Exclaustration, of course, means that you would still be vowed in your original (current) community. They would be oblliged to take you back should you decide to return. 

Transferring is not easy, but it is often what people are called to do. Blessings to you as you journey.

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Antigonos

I can't write as to the details of what is involved, but people do change and grow, over time, and nothing, IMO, is static.  I know, for example, that after many years of active midwifery in hospital, I found a much more satisfying life as a consultant in a Woman's Health Center, dealing with women with high risk pregnancies, and fertility treatment.  Were I to begin my professional life all over again, I think I'd go into public health as a secondary degree along with midwifery.  

  This ought not to be an issue of guilt over vows made to a community, but a recognition of changed aspirations due to life experience.  Obviously, it is a very major decision and one not undertaken lightly.  Is there anyone in your community with whom you can discuss this?  Can you ask for a spiritual advisor to aid you?

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Dymphna

I know of one "unsuccessful" transfer - unsuccessful in the sense that the woman involved is now not a member of any religious order. She was a member of an active community, where, in my impression, things weren't going well for her. So she wanted to transfer to a different active community, as I understand it was agreed that she would live with them for some time, which she did. After a year or so, the "new" community decided that they couldn't see her being one of their sisters, so she went back to her former community. Not surprisingly, the difficulties she had there before hadn't solved themselves while she was away, so eventually she ended up leaving religious life altogether.

I think the "lesson" from this may be that you should probably honestly look at your motives for a transfer. You say you had a desire for contemplative life all the time, but only now are ready to live it. This sounds logical, but still I get this feeling from your post thay possibly not all is well with your life in your current community. That's probably just normal to some degree, but you should make sure that any problems you have there are not the reason why you want to join another order.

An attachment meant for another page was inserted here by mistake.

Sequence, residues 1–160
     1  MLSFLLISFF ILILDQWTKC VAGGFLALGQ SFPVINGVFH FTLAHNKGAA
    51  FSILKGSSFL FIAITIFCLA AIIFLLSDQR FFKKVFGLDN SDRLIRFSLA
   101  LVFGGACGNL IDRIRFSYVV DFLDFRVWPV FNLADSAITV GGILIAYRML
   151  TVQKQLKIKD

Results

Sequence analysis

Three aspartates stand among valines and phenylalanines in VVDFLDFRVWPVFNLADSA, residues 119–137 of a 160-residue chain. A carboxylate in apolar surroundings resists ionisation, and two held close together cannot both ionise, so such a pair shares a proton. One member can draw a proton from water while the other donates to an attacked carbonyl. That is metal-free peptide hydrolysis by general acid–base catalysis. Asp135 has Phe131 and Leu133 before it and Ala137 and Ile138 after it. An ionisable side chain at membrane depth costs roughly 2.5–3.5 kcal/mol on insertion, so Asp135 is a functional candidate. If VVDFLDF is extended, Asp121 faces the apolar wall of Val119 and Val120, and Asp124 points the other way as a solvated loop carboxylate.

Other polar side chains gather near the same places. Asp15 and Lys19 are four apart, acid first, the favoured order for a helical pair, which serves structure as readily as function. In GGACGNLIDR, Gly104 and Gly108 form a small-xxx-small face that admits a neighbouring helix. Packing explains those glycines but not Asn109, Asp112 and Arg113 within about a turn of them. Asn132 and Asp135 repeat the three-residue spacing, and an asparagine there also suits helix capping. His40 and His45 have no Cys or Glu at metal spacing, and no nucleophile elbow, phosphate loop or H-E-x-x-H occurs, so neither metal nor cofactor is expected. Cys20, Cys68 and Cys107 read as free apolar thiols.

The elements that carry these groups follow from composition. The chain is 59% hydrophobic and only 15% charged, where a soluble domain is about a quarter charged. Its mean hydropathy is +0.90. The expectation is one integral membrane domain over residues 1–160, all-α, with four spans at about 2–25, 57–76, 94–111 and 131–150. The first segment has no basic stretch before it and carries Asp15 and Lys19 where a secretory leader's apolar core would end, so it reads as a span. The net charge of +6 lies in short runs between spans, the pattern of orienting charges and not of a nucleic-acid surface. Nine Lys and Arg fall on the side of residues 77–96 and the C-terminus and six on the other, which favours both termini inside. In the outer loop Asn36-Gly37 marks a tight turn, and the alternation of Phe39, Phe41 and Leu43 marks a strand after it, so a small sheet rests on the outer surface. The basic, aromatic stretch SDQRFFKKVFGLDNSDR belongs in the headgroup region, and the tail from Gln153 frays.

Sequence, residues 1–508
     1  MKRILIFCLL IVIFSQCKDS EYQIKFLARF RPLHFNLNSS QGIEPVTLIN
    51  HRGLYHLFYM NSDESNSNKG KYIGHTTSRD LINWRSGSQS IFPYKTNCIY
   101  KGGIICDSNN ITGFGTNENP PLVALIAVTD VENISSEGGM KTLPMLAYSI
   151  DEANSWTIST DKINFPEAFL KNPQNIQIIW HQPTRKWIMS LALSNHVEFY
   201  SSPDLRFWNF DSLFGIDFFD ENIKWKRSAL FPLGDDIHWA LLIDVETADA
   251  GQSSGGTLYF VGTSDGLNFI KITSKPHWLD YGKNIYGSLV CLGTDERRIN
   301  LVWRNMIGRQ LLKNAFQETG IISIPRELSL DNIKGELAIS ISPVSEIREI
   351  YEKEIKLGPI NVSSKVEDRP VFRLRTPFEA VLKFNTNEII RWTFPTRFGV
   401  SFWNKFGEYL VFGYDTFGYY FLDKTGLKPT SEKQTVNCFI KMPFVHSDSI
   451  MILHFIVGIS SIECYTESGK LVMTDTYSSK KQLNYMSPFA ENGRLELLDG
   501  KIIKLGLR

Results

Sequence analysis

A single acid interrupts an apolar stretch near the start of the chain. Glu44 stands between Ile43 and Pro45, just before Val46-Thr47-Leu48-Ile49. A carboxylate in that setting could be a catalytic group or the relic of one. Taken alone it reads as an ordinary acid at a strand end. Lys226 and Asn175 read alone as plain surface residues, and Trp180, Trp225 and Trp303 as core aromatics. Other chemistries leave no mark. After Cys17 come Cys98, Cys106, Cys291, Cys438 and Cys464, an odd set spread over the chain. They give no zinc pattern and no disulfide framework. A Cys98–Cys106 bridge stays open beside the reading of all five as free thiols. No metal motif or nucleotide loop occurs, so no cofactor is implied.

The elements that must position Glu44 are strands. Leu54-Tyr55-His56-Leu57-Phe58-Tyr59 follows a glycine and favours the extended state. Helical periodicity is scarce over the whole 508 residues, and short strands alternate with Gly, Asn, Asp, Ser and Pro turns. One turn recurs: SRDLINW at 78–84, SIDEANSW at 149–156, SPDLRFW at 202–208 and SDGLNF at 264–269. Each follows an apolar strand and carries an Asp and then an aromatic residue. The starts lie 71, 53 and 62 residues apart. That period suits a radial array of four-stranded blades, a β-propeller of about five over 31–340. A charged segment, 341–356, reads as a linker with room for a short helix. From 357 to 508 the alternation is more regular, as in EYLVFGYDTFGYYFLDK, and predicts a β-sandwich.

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gloriana35

There only is one Sister I knew well who sought to enter a monastery after many years in religious life. She had been a Dominican Sister for many years, and always had a strong draw to the contemplative life. She lived in a Dominican monastery for some months (on exclaustration) , but ultimately decided to remain in the active life - she was a member of her community for over 70 years when she died recently. I cannot recall all of the details now, but this Sister was a doctor of theology and spiritual director, and I know she had a long association with the monastery where she lived for a time, and continued this association even when she did not become a member.

Besides what Nunsuch mentioned - I would imagine that, if you have a monastery in mind, you could spend some time in a retreat period there before you considered whether to seek admittance or go on exclaustration. (I have known religious and priests who lived at a monastery for a time, even if they ultimately did not enter.) You might do well to discuss this with your superiors.